Dropping more cash from helicopters

Change should not be another word for more of the same

Jim Hoagland’s piece on how the US should transform its Pakistan policy gets it exactly, precisely right.

And it is the case with the campaign promises of John McCain and Barack Obama to unleash ever-larger flows of U.S. taxpayer dollars to Pakistan as a way of bringing stability there and to win the global war on terrorism. They, too, would drop cash from helicopters to calm fears.

That same approach to Pakistan under Pervez Musharraf failed the Bush presidency, and it will fail new leaders in Washington and Islamabad as well. What is needed is a daring reformulation of U.S. policy toward South Asia.

Pakistan has created the world’s toughest foreign policy challenge. Its military and civilian governments have for decades profited from stirring tribal warfare in Afghanistan, then been too frightened of or complicit with their own fundamentalists to push for significant social change at home.

But Qureshi was persuasive when he outlined his determination to improve relations with India. His recent trips there convince him that the two nations must put aside hostility and help make each other rich: “We must capitalize on this opportunity.”

India’s growing economic power will leave its neighbor in the dust unless Pakistan becomes part of that prosperity. Pakistan’s future will be determined by its relations with India, not by increased U.S. aid or maintaining its support for tribal war in Afghanistan.

Recognizing and acting on that Indo-Pak reality — rather than perpetuating the illusion that the United States controls Pakistan’s fate — are the urgent tasks for new governments in Washington and Islamabad. [WP]

Clearly, the task is daunting because US policy must change Pakistani mindsets and attitudes. [See a review of Farzana Versey’s book at Pragmatic Euphony.] It certainly is a whole lot harder than dropping cash from helicopters. Moreover, as Joshua Foust writes, the dream of setting Pashtun tribes against each other is removed from reality, as it ignores the Islamist transformation of Pashtun society over the last three decades.

Change must come from within Pakistan. It is in the United States’ interests to make it happen. For India’s part, instead of focusing on peripheral, irrelevant projects like military lines on glaciers or bus services in Kashmir, a real peace process would strategically engage the sources of economic power across the border.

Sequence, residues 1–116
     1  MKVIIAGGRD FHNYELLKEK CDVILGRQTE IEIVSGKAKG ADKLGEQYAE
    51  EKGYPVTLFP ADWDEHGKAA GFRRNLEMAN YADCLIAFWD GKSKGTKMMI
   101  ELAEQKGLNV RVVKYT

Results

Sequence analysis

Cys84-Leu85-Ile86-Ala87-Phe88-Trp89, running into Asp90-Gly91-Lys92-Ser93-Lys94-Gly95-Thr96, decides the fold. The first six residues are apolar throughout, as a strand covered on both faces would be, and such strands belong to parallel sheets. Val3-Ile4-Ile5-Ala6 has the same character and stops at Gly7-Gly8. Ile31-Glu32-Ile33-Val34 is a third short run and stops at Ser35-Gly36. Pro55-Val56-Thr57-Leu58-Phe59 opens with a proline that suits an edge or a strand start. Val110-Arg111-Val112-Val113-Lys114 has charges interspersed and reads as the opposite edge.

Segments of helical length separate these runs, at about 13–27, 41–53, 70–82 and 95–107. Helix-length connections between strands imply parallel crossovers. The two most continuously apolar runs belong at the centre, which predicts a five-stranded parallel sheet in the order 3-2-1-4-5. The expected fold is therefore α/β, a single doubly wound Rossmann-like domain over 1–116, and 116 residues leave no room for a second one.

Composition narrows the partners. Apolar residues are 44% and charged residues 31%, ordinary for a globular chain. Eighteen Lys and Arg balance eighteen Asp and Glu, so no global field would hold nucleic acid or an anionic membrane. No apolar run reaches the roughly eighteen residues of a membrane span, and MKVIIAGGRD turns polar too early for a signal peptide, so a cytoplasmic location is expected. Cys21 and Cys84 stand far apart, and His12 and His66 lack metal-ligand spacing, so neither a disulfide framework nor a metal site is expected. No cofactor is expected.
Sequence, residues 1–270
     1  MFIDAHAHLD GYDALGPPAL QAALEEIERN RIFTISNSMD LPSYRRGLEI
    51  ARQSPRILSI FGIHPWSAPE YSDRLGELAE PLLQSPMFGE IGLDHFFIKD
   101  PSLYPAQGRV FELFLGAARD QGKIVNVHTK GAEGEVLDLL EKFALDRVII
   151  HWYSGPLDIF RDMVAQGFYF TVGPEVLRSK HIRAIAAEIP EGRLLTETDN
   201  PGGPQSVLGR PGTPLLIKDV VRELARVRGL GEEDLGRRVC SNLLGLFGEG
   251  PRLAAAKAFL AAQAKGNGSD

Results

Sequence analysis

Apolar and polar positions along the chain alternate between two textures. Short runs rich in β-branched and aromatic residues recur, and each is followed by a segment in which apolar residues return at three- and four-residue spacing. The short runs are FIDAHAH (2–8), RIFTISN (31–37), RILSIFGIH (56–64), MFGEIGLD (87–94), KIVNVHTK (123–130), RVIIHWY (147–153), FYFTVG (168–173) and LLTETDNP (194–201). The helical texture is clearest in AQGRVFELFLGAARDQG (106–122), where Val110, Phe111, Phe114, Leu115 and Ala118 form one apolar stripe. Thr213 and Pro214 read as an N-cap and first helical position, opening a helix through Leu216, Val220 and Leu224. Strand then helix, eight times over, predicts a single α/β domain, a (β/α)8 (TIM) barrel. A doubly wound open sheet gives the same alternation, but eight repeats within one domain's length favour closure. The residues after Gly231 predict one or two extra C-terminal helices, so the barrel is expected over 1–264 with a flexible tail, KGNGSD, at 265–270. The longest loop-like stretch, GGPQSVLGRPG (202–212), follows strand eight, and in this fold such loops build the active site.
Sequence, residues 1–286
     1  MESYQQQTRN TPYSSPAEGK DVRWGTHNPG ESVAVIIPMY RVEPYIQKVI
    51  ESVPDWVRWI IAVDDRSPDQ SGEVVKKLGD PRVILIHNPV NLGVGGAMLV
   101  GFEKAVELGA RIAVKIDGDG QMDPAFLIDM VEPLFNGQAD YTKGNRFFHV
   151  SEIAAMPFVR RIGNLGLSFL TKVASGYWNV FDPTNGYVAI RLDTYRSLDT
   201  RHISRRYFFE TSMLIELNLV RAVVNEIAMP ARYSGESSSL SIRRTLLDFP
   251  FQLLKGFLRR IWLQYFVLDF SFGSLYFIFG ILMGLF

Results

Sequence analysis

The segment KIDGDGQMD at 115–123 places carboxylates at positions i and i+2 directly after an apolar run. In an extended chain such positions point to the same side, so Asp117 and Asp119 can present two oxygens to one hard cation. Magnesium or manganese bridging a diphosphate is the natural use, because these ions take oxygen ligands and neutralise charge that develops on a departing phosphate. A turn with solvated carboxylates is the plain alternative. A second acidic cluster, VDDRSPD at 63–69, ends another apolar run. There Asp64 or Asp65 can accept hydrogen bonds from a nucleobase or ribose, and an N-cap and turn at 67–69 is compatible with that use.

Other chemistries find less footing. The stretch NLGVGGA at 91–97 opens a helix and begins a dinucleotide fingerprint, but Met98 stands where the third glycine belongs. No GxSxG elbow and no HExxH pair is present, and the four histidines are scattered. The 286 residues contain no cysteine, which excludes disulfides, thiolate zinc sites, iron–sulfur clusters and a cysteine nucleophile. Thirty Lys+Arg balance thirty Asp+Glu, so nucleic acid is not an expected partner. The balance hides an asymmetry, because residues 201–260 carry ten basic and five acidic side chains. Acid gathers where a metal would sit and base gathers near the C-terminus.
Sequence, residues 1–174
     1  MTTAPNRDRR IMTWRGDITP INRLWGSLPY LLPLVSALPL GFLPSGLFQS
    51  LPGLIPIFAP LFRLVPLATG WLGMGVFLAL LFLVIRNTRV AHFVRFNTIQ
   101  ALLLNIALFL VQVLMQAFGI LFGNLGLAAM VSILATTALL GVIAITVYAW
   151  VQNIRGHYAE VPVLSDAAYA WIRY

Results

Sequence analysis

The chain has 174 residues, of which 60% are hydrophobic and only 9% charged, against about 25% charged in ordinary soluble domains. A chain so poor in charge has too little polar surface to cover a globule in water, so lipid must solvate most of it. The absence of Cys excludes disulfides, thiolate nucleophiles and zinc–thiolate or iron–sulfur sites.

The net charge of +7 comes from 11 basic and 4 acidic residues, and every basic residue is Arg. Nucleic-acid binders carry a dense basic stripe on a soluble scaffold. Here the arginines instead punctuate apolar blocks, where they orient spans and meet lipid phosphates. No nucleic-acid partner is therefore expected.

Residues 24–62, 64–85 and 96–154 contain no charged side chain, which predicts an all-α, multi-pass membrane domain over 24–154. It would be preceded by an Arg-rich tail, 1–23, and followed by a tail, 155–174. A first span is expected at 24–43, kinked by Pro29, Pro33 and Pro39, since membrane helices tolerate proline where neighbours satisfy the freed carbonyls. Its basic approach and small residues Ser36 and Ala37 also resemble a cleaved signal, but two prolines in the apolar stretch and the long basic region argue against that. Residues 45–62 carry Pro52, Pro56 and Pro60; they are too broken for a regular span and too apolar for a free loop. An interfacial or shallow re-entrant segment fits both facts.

5 thoughts on “Dropping more cash from helicopters”

  1. Nitin: your theory of “fattening the sources of economic power” are coming into play. Pakistan has all but granted India MFN status. Grudging calculations determine that trading a much-expanded list of items with India will save their (robber-baron) economy $2.5 billion. India will soon be Pak’s #2 trading partner. Someone gasping for air is desperately flailing for a lifeline from its sworn enemy. We “cunning Hindu banias” must provide that.

    Hoagland says “India’s growing economic power will leave its neighbor in the dust unless Pakistan becomes part of that prosperity.”

    Music to my ears.

  2. While trade between India and Pakistan does not guarantee smooth sailing, a profitable trade does raise the cost of bad behavior. Look at the India-China example – they still have many issues between them, but they are trying to settle them quietly rather than through force or saber-rattling.

  3. India-Pak trade? Thats an interesting fable.

    Why would Papistan need to trade with its sworn arch-enemy uber alles?

    When they can just as easily print Indian rupees (as they have been doing all these years)?

    Question is what is the rest of the world (US included) gonna do about Papi trade in narcotics and jihad?

Comments are closed.